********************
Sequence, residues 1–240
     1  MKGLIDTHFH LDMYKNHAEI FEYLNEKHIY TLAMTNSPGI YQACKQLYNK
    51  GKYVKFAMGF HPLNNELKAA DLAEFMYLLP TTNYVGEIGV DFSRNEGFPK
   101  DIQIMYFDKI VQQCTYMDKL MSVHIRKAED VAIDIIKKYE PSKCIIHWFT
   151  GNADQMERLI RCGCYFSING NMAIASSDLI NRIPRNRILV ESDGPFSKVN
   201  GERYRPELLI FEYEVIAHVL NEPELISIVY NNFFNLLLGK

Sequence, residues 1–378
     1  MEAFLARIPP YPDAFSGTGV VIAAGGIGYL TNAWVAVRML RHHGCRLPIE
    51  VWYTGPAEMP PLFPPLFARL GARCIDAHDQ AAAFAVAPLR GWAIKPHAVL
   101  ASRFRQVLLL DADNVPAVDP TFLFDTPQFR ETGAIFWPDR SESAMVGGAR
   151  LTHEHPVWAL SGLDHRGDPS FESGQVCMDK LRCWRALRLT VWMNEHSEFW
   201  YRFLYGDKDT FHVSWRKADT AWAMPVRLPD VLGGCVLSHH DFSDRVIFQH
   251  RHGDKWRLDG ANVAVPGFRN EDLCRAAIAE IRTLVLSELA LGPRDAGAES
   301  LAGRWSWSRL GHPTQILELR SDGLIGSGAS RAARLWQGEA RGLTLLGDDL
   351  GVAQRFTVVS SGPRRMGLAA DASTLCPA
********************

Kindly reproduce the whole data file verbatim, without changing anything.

Sequence, residues 1–240
     1  MKGLIDTHFH LDMYKNHAEI FEYLNEKHIY TLAMTNSPGI YQACKQLYNK
    51  GKYVKFAMGF HPLNNELKAA DLAEFMYLLP TTNYVGEIGV DFSRNEGFPK
   101  DIQIMYFDKI VQQCTYMDKL MSVHIRKAED VAIDIIKKYE PSKCIIHWFT
   151  GNADQMERLI RCGCYFSING NMAIASSDLI NRIPRNRILV ESDGPFSKVN
   201  GERYRPELLI FEYEVIAHVL NEPELISIVY NNFFNLLLGK

Sequence, residues 1–378
     1  MEAFLARIPP YPDAFSGTGV VIAAGGIGYL TNAWVAVRML RHHGCRLPIE
    51  VWYTGPAEMP PLFPPLFARL GARCIDAHDQ AAAFAVAPLR GWAIKPHAVL
   101  ASRFRQVLLL DADNVPAVDP TFLFDTPQFR ETGAIFWPDR SESAMVGGAR
   151  LTHEHPVWAL SGLDHRGDPS FESGQVCMDK LRCWRALRLT VWMNEHSEFW
   201  YRFLYGDKDT FHVSWRKADT AWAMPVRLPD VLGGCVLSHH DFSDRVIFQH
   251  RHGDKWRLDG ANVAVPGFRN EDLCRAAIAE IRTLVLSELA LGPRDAGAES
   301  LAGRWSWSRL GHPTQILELR SDGLIGSGAS RAARLWQGEA RGLTLLGDDL
   351  GVAQRFTVVS SGPRRMGLAA DASTLCPA